Whereupon his mother held her peace, but soon after she said, “Well, however, let these be freed from
their fetters,” which was likewise presently done, and I was the last except a few; yet I could not
refrain (though I still looked upon the rest) but bowed myself before the ancient matron, and thanked God
that through her, he had graciously and fatherly vouchsafed to bring me out of such darkness into the
light. After me the rest did likewise, to the satisfaction of the matron.
Lastly, to everyone was given a piece of gold for a remembrance, and to spend by the way, on the one side
of which was stamped the rising sun, and
on the other (as I remember) these three letters, D.L.S.; and therewith everyone had license to depart,
and was sent to his own business with this annexed limitation, that we to the glory of God should benefit
our neighbours, and reserve in silence what we had been entrusted with; which we also promised to do, and
so departed one from another. But because of the wounds which the fetters had caused me, I could not well
go forward, but halted on both feet, which the matron presently espying, laughing at it, and calling me
again to her said thus to me: “My son, do not let this defect afflict you, but call to mind your
infirmities, and therewith thank God who has permitted you even in this world, and in your state of
imperfection, to come into so high a light; and keep these wounds for my sake.”
Whereupon the trumpets began to sound again, which gave me such a shock that I woke up, and then first
perceived that it was only a dream, but it so strongly impressed my imagination that I was still
perpetually troubled about it, and I thought I still felt the wounds on my feet. Howbeit, by all these
things I understood well that God had vouchsafed that I should be present at this mysterious and bidden
wedding. Wherefore with childlike confidence I returned thanks to his Divine Majesty, and besought him
that he would further preserve me in fear of him, that he would daily fill my heart with wisdom and
understanding, and at length graciously (without deserting me) conduct me to the desired end.
Hereupon I prepared myself for the way, put on my white linen coat, girded my loins, with a blood-red
ribbon bound cross-ways over my shoulder. In my hat I stuck four red roses, so that I might sooner be
noticed amongst the throng by this token. For food I took bread, salt and water, which by the counsel of
an understanding person I had at certain times used, not without profit, in similar occurrences.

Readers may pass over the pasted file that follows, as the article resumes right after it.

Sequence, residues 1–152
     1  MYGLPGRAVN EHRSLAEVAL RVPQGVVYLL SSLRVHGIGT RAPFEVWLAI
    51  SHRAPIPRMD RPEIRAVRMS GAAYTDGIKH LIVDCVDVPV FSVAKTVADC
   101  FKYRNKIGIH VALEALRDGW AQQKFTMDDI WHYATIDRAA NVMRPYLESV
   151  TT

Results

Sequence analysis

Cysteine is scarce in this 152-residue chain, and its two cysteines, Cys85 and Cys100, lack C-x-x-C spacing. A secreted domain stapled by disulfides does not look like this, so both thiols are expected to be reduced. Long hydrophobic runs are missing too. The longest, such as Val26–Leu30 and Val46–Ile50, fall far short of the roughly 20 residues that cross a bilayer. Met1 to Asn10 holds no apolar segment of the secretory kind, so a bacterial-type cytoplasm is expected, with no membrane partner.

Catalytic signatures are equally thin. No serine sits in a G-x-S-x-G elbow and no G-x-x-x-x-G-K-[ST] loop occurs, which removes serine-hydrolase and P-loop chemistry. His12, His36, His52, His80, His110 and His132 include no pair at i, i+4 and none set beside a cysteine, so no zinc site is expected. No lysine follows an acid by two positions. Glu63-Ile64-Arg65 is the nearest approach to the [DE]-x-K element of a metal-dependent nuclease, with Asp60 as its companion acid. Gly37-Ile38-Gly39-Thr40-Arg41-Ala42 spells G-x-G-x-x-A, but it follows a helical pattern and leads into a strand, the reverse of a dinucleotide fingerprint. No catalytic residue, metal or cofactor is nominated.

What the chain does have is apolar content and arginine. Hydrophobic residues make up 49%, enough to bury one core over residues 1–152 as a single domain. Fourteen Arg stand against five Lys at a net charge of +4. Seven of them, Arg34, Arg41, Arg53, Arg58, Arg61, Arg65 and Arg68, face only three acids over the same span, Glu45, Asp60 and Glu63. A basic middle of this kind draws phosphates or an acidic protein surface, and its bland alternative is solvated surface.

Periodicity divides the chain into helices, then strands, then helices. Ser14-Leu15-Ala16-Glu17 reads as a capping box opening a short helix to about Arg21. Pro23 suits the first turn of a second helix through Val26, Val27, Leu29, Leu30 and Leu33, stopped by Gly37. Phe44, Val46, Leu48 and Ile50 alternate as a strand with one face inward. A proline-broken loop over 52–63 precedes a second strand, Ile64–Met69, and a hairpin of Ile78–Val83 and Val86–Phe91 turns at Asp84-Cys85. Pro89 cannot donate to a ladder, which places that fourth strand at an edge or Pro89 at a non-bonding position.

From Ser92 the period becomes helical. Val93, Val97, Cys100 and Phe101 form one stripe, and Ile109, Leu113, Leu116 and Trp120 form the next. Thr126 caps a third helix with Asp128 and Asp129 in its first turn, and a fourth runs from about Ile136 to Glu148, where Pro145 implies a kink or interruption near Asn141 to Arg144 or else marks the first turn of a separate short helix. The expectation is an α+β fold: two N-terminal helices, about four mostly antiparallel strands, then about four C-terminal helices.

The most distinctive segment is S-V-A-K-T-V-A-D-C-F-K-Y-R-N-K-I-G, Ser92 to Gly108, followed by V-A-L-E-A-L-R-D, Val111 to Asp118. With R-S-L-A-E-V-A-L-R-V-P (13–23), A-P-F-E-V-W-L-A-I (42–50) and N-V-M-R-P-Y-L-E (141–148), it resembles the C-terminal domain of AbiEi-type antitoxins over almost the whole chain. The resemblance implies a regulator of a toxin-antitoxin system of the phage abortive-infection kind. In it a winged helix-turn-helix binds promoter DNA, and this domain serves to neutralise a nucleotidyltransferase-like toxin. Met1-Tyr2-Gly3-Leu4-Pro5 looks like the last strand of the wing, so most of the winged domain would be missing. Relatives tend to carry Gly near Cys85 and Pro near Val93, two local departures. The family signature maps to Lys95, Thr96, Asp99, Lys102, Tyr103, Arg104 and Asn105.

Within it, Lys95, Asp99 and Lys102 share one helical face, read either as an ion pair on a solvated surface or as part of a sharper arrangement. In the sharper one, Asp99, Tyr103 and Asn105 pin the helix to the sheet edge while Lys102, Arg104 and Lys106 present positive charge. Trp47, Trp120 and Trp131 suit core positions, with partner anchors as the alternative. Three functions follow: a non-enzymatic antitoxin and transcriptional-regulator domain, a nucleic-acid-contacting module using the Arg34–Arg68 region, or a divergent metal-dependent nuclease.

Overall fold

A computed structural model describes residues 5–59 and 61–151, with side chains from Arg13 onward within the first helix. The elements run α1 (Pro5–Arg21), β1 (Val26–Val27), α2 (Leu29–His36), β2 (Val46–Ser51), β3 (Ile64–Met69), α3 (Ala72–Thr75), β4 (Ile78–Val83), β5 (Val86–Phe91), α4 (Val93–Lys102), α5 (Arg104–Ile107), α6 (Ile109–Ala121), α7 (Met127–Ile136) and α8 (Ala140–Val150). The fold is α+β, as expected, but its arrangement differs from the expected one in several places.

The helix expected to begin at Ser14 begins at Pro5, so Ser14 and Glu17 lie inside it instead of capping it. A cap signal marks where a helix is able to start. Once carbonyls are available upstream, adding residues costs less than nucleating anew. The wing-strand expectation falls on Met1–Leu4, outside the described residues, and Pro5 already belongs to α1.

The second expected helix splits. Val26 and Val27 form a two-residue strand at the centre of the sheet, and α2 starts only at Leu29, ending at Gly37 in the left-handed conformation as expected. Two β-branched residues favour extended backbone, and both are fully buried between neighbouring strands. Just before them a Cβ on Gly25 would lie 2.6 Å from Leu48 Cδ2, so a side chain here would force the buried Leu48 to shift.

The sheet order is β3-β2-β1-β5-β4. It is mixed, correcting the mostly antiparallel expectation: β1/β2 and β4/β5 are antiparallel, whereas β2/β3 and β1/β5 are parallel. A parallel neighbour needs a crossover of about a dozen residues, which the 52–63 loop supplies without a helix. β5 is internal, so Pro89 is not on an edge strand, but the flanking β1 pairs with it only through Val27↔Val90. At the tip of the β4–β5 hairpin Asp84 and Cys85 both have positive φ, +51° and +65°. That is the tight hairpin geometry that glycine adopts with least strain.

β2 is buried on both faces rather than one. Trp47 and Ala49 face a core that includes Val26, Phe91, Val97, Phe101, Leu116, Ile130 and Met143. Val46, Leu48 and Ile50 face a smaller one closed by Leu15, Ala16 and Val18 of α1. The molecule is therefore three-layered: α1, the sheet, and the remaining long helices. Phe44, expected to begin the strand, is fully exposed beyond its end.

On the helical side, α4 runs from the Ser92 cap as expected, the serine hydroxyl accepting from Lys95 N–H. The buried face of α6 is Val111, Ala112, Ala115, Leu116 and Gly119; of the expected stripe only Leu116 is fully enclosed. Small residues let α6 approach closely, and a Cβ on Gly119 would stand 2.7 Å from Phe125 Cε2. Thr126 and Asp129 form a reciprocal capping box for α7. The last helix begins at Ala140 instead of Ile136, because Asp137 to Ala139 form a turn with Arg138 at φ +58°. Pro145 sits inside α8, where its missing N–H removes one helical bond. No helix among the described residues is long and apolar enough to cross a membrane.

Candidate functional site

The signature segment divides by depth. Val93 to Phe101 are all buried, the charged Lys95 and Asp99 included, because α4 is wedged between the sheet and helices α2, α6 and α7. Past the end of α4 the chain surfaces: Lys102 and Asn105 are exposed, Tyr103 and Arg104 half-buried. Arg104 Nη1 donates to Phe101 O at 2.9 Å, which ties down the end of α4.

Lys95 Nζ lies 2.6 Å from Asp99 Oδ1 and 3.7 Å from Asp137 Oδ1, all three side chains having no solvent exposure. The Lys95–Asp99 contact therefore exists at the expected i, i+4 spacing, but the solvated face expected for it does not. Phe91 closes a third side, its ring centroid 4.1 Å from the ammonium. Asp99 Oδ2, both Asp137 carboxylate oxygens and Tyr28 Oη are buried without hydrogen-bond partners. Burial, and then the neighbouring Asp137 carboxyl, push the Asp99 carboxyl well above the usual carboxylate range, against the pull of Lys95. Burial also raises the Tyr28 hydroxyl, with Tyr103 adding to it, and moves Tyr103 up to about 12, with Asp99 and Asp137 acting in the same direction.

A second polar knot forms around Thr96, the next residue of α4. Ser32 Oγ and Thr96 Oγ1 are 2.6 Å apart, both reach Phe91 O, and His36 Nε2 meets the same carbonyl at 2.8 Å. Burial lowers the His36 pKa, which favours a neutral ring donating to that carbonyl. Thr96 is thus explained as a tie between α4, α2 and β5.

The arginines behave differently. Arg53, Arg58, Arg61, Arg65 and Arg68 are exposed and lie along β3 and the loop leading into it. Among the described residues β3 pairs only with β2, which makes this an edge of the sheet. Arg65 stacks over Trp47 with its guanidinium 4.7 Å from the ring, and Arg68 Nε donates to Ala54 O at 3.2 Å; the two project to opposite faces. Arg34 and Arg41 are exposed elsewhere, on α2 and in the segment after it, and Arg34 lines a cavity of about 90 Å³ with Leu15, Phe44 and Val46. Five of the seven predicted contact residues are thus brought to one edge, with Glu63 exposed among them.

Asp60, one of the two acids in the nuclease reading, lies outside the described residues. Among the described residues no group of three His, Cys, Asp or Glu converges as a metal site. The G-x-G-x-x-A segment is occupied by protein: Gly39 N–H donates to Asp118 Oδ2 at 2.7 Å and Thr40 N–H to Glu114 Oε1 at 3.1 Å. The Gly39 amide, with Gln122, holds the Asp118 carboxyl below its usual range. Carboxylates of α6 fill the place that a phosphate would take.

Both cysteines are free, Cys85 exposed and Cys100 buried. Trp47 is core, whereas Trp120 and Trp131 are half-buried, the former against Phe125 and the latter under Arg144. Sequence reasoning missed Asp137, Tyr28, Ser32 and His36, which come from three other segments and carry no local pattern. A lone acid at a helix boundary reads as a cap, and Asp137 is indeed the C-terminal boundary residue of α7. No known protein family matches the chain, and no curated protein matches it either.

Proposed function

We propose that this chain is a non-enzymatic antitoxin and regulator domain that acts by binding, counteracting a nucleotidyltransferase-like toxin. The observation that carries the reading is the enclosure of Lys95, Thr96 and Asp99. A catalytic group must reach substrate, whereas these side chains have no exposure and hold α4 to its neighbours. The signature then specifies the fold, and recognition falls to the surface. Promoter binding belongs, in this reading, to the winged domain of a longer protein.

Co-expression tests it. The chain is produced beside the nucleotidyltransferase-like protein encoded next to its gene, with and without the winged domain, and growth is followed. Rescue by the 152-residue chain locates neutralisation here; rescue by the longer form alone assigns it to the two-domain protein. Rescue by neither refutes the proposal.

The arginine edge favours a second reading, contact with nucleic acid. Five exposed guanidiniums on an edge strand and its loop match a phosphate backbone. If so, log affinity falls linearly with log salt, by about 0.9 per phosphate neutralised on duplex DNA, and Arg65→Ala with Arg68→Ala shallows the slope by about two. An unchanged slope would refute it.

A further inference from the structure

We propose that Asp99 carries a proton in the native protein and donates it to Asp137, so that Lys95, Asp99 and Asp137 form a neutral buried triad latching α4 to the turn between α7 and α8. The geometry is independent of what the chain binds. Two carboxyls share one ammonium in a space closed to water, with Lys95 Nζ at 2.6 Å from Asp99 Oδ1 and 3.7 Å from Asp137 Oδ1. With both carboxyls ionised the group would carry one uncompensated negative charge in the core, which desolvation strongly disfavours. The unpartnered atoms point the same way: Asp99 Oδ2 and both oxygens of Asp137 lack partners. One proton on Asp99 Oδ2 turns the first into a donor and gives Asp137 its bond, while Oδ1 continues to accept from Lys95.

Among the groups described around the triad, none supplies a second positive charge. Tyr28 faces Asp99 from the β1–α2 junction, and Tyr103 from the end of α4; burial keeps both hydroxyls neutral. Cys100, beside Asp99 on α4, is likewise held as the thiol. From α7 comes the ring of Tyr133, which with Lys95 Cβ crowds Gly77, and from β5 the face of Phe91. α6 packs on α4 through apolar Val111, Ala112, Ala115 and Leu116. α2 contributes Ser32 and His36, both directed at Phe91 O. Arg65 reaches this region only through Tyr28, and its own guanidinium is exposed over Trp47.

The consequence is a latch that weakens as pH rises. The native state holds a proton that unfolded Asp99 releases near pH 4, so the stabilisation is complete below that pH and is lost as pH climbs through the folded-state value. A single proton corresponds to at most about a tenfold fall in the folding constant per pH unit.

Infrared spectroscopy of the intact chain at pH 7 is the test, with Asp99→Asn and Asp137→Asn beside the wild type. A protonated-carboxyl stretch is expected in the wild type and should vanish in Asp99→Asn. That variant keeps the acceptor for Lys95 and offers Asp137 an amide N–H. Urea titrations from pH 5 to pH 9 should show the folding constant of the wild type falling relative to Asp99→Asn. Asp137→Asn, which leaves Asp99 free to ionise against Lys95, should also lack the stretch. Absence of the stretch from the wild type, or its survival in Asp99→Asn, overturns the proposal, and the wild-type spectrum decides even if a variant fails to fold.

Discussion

But before I left my cottage, I first, in this my dress and wedding garment, fell down upon my knees, and
besought God that in case such a thing were, he would vouchsafe me a good issue. And thereupon in the
presence of God I made a vow that if anything through his grace should be revealed to me, I would employ
it to neither my own honour nor my own authority in the world, but to the spreading of his Name, and the
service of my neighbour. And with this vow, and good hope, I departed out of my cell with joy.
The Second Day
had hardly got out of my cell into a forest when I thought
the whole heaven and all the elements had already trimmed themselves in preparation for this wedding. For
even the birds chanted more pleasantly than before, and the young fawns skipped so merrily that they made
my heart rejoice, and moved me to sing; wherefore with a loud voice I thus began:
Rejoice dear bird
And praise thy Maker,
Raise bright and clear thy voice,
Thy God is most exalted,
Thy food he hath prepared for thee
To give thee in due season.
So be content therewith,
Wherefore shalt thou not be glad,
Wilt thou arraign thy God
That he hath made thee bird?
Wilt trouble thy wee head
That he made thee not a man?
Be still, he hath it well bethought
And be content therewith.
What do I then, a worm of earth
To judge along with God?
That I in this heaven’s storm
Do wrestle with all art.
Thou canst not fight with God.
And whoso is not fit for this, let him be sped away
O Man, be satisfied
That he hath made thee not the King
And take it not amiss,
Perchance hadst thou despised his name,
That were a sorry matter:
For God hath clearer eyes that that
He looks into thy heart,
Thou canst not God deceive.